A Midway Point Revelation

One pivotal scene showcases the stagnant progression and inner workings of Quell and Dodd’s minds. In a house occupied by members of The Cause in Philadelphia, Dodd launches into a song, reveling in his perceived fame and adoration. Meanwhile, Quell’s mind wanders, imagining the women present as unclothed. This moment encapsulates the stagnation of their journeys and sheds light on their innermost desires and struggles.

The Timeless Relevance of “The Master”

“The Master” resonates with audiences even today due to its exploration of universal truths that transcend time. The film delves deep into our collective search for meaning and exposes those in positions of power who exploit those desperately yearning for purpose. Lancaster Dodd not only embodies the characteristics of a cult leader but also mirrors politicians who strive for approval while serving their own interests. The narrative cleverly showcases Dodd’s struggle to maintain his facade, growing increasingly exhausted and impatient when his ideas are challenged.

Another significant theme in the film is the danger of apathy, exemplified by Quell’s inability to break free from his oppressive master, leading to the loss of his beloved Doris. The movie’s final scenes, where Quell finds himself next to a sand sculpture of a nude woman after a moment of fleeting pleasure, evoke melancholy and pessimism rather than resolution.

Resonating with a Post-Pandemic Audience

The context of the ongoing COVID-19 pandemic further amplifies the film’s relevance. After enduring years of sickness, pain, and death, many individuals may find themselves echoing Freddie’s sense of isolation, desperately seeking masters who may ultimately destroy them. Parallels can undoubtedly be drawn between the heated exchanges depicted in the film and the way modern society quarrels online. The film raises the issue of substantive arguments being overshadowed by petty insults, as those in power belittle those beneath them while attempting to connect with them. This societal dynamic leaves individuals like Freddie searching for solace, putting their faith in flawed figures like Dodd.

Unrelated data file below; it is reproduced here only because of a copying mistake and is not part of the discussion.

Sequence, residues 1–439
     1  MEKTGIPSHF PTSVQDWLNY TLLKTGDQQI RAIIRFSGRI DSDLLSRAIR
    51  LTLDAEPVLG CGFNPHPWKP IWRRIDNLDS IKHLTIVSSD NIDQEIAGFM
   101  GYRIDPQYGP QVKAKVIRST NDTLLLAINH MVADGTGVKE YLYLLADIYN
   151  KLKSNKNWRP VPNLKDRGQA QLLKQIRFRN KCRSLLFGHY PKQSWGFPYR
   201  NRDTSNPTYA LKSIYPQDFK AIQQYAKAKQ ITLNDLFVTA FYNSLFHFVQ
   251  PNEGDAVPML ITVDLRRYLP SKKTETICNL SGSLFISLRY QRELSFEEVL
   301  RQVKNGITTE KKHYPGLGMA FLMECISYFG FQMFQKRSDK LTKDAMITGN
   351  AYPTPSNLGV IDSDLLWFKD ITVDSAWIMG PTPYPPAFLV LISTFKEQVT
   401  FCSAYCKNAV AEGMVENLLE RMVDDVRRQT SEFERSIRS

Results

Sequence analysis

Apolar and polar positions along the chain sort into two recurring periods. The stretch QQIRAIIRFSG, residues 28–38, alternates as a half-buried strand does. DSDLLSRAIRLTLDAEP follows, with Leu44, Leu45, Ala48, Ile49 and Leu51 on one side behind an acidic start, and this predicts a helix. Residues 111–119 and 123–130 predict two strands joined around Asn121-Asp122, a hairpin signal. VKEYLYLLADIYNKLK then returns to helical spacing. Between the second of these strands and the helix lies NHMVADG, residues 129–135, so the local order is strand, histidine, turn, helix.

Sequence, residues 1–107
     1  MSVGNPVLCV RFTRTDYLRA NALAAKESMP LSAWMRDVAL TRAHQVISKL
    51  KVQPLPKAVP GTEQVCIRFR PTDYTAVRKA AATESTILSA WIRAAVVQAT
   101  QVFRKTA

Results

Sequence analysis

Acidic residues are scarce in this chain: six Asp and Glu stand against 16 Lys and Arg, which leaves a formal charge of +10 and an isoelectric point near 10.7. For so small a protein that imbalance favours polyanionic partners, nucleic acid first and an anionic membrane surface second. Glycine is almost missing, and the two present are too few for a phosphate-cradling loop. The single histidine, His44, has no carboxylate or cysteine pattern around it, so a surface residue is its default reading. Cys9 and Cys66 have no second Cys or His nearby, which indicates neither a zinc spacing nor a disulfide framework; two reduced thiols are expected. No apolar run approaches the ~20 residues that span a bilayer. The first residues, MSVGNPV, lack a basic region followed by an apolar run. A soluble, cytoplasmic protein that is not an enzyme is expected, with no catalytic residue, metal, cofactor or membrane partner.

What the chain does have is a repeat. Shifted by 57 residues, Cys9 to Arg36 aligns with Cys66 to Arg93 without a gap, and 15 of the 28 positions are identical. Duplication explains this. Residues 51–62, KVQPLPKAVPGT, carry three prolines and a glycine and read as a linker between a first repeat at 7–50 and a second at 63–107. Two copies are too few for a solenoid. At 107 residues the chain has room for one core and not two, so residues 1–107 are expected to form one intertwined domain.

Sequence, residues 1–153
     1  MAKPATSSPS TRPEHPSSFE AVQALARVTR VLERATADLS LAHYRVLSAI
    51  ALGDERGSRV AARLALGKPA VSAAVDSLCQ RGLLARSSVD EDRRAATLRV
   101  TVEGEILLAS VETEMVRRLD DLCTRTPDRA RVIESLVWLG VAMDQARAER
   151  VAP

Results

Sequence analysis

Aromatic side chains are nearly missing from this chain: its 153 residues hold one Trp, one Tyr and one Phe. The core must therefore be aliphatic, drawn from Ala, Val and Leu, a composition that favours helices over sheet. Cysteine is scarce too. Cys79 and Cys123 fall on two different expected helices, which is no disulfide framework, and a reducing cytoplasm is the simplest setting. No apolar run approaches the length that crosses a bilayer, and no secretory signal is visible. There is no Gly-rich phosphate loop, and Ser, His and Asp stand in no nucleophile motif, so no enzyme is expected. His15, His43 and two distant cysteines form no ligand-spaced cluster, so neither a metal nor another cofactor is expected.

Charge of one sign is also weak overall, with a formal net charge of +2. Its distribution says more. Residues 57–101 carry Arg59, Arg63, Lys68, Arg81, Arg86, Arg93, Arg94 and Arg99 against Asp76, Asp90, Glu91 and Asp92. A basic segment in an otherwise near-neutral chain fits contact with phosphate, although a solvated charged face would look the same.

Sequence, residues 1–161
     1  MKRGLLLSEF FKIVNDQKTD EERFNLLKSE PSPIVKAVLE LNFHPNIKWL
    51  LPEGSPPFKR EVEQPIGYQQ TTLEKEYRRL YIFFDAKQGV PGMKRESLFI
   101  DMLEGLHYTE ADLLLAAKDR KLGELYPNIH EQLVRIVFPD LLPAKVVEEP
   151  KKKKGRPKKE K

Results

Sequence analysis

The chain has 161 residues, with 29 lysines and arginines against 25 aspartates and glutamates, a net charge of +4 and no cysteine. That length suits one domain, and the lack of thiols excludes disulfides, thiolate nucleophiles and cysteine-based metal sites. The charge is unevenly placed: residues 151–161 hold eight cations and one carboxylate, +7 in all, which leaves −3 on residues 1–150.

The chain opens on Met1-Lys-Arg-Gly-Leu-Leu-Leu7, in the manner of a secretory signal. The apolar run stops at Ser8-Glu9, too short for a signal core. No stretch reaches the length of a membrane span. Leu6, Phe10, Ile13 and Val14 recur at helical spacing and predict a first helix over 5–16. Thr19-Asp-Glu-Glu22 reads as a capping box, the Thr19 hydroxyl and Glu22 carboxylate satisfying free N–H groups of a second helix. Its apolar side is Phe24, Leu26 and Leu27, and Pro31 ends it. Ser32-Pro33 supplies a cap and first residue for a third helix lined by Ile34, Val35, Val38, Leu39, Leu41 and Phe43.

During times of tremendous turmoil, such as war or a global health crisis, “The Master” reinforces the critical importance of finding the right master to serve. While the film does not provide an explicit answer to what that master might be, it sheds light on the ongoing universal struggle to discover purpose and belonging.